Photo of Manuel Piñuela

Computer & electronics hardware

Manuel Piñuela

He extracts the small amount of energy that is in the air around us to power the small batteries used in the world of Internet of Things devices.

Year Honored

Drayson Technologies

Latin America

Hails From

The air around us is full of energy. Invisible radio, television, mobile telephone and Wi-Fi signals are actually electromagnetic waves that not only transmit information, but also carry small amounts of energy that could be used to charge small devices, such as the sensors and low energy consumption devices commonly used in the Internet of Things (IoT). This is exactly what Mexican engineer Manuel Piñuela has achieved; his new technology is able to recharge this type of battery from the energy available in the environment. His company, Drayson Technologies, has already launched its own line of health and environmental study IoT devices. For this significant innovation, Piñuela has been chosen as one of the Innovators Under 35 Latin America 2017 winners by the MIT Technology Review, Spanish edition.

Background energy is practically omnipresent in the developed world. The main barrier to taking advantage of it is its low intensity, especially when compared to the energy needed to emit a signal. To solve this problem, Piñuela has designed Freevolt, a system capable of harnessing this energy, if it has a minimum density of 150 nW/cm2 (a figure more than 1000 times lower than the maximum human exposure thresholds recommended by the European Union). A rectifying circuit then efficiently converts the signal into direct current, which is then fed into a power management module capable of delivering sufficient power to trickle charge small batteries.

As an example, Freevolt technology could serve to power sensors that would not even have to make use of the battery if the background energy levels were sufficient. It can also be integrated into wearable technology, consumer electronics and IoT sensors. In fact, the company's own air quality sensors already incorporate them. The company also licenses Freevolt's technology to other developers for integration into their hardware.

Freevolt came about during Piñuela’s doctorate at Imperial College London (United Kingdom). Previously he had worked in the oil industry in Texas (USA). There he realized the importance of distributed sensor networks and the advantages of IoT, but he also came to the following conclusion: "It’s easy to have sensors, but powering them up and getting the data out of them is difficult and sometimes even dangerous."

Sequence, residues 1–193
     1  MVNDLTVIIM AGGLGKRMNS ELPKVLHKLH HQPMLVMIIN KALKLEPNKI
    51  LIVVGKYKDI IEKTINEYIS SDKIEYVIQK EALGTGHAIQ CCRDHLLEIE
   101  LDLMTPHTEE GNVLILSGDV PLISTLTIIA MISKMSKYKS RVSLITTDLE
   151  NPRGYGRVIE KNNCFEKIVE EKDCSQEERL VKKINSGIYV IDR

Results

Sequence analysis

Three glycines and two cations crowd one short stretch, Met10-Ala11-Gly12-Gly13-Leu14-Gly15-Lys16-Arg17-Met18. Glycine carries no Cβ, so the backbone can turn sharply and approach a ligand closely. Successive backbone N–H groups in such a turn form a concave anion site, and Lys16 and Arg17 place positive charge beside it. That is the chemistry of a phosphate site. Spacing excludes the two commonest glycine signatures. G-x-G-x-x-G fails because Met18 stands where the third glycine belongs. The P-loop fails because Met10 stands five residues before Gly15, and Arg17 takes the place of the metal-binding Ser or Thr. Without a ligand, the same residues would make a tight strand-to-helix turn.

Piñuela had the opportunity to present his product at an event organized by the institution's technology transfer office. Among the guests was investor Lord Paul Drayson, who, among other positions, was formerly Science Minister in British Prime Minister Gordon Brown’s cabinet. Drayson was so impressed by the technology that he immediately met with Piñuela to plan to set up a company. Thus, Drayson Technologies was born, named after him and with Piñuela in charge of business growth.

Due to the success of his Freevolt system, Piñuela is working on increasing the possible applications of its IoT hardware. He is also developing an artificial intelligence system that manages the energy needs of sensor networks autonomously. The main goal of the company is to implement the technology in the health sector, both for the continuous monitoring of people at home, and to make hospital management more efficient. He explains: "Our products will garner so much information that we will be able to personalize specific treatments for every patient". In his opinion the combination of IoT, big data and AI will lead to "discoveries about areas of health improvement" for individuals.

The Innovators under 35 Latin America 2017 jury members agree in their assessment of both the technical excellence and the commercial value of Piñuela's work. Co-founder and director of Emprear, Luis Nantes, stresses that "the advances in the area of background energy capture open huge opportunities for value creation." For his part, Associate Professor of Telecommunications at the Universidad Europea de Madrid (Spain) Víctor Padrón emphasizes the originality of the Mexican engineer’s invention, as well as "the important social impact the development of sensor networks that monitor the health of people and the environment could have".